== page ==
While there are no shortage of cop shows on the TV these days, 19-2 stands separate and above. Based off of a French TV show of the same name, 19-2 follows the professional and personal lives of police officers Nick Barron and Ben Chartier, two Montreal cops of district 19 assigned to be partners (in car 2, hence the title of the show). The two men find themselves entangled in a mess of personal drama and professional danger, the lines between the two often intertwined.
If there's one thing 19-2 is really good at, it's showing that being a cop is not an easy job. The show illustrates just how easily it is for normal, everyday situations to get out of control, threatening the safety of police and civilians alike. In 19-2, even a simple noise complaint can quickly escalate and become dangerous. The stress of being a police officer is well demonstrated in 19-2 with numerous trivial calls and upset civilians juxtaposed against the more serious gang violence and organized crime that Ben and Nick are forced to deal with.
Issues that are very much current and in the news are also touched on in the show. 19-2 has police officers accused of excessive use of force and making bad judgement calls all whilst eagle-eyed civilians film them on their cell phones. There are some scenes out of 19-2 that could be taken straight out of the YouTube videos that show civilians testing their rights in confrontations with police over trivial matters that could've been resolved quickly and peacefully. The documentary-style feel of 19-2 often has the viewer forgetting that they're watching a drama.
The ways in which personal problems can affect on-the-job performance and temperament, and the internal squabbles that exist within a police station are also a huge part of what makes 19-2 so good. Troubled pasts, addiction, hazing, relationship drama, and hierarchical disputes are all a part of the daily operations on and off the job of the cops of precinct 19.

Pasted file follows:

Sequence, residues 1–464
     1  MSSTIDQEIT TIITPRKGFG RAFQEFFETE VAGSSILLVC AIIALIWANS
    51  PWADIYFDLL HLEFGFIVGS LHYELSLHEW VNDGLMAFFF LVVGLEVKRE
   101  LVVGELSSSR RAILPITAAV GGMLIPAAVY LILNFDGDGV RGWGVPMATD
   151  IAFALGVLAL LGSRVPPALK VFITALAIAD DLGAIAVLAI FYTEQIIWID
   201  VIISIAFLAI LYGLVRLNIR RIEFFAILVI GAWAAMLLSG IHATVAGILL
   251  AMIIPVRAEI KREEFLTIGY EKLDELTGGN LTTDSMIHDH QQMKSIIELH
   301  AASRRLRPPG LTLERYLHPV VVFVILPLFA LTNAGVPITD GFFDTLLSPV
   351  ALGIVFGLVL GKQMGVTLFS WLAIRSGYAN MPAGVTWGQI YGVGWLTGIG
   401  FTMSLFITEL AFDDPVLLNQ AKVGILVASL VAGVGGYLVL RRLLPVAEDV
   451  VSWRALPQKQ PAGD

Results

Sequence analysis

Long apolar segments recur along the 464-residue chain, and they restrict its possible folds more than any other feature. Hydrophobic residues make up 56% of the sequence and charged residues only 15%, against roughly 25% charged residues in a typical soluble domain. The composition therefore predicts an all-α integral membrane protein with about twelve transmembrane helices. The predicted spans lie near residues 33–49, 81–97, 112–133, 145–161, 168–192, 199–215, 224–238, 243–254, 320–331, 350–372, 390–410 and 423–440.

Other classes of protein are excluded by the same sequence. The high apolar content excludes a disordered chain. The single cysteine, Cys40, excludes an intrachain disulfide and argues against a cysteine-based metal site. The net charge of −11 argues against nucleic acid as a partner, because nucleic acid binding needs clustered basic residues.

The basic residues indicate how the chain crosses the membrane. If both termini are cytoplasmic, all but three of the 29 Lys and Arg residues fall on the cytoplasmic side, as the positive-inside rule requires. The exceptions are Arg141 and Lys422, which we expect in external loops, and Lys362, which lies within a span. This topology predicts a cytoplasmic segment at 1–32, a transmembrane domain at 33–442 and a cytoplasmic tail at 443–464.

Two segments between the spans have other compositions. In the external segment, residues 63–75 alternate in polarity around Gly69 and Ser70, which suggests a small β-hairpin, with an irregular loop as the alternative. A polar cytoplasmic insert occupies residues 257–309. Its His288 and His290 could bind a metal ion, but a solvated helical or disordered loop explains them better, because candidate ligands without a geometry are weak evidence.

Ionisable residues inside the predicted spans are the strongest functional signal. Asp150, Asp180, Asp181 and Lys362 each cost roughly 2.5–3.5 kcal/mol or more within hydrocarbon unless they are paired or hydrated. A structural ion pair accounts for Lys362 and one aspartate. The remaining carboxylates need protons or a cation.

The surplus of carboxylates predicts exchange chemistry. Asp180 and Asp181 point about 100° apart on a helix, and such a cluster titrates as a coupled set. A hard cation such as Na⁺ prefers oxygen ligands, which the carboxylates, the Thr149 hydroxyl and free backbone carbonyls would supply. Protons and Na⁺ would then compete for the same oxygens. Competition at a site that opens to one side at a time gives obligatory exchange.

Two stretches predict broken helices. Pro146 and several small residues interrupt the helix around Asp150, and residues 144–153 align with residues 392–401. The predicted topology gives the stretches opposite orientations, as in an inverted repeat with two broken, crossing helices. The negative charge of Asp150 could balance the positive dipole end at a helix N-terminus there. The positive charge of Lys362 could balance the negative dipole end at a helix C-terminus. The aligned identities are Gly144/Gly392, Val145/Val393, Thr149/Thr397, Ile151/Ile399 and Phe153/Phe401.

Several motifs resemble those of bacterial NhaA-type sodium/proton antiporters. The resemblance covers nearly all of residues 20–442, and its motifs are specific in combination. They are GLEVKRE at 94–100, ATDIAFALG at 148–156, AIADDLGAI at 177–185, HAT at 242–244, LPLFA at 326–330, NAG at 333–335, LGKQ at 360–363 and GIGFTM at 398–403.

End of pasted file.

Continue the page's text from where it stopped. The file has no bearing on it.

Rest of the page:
19-2 is a show that excels at pacing. Action and danger feel ever-present while Nick and Ben are on the job, creating an atmosphere of almost constant tension. Tension is relieved somewhat once the two cops are off the job, but often conflict is still persistent. 19-2 has a way of making personal drama feel just as dangerous as the violence present on the streets of Montreal's district 19. That being said, there are several instances of danger and tension that truly stand out in the show's 3-season run (so far). Without a doubt, the most notable would be an episode in season 2 that features a shooter in a high school. Without giving any spoilers, this is perhaps the most nerve-wracking sequence of any episode of television I have ever seen (also probably due to the fact that it was released around a time when a school shooting occurred in the U.S.). I remember sitting down to watch the episode while eating dinner and not touching my food for 20 minutes while the situation played out. To add to the anxiety of an already stressful situation, this episode employed a long take (a shot uninterrupted by cuts) that lasted about 14 minutes, a film technique known for its ability to increase tension.
If you've grown tired of cop dramas (I wouldn't blame you if you have), do yourself a favour and give 19-2 a chance. Aside from the fact that it's Canadian TV show and it doesn't suck (a rare thing indeed), this show will give you an insight into the daily lives of police officers and the things they deal with on a daily basis. While a fictional and highly dramatized series, 19-2 provides an interesting perspective on the lives of cops and, in light of recent events in the news, shows the other side of the coin, so to speak, of police-civilian interaction.
19-2 returns to Bravo next year for its fourth and final season.
Published by Ryan Northrup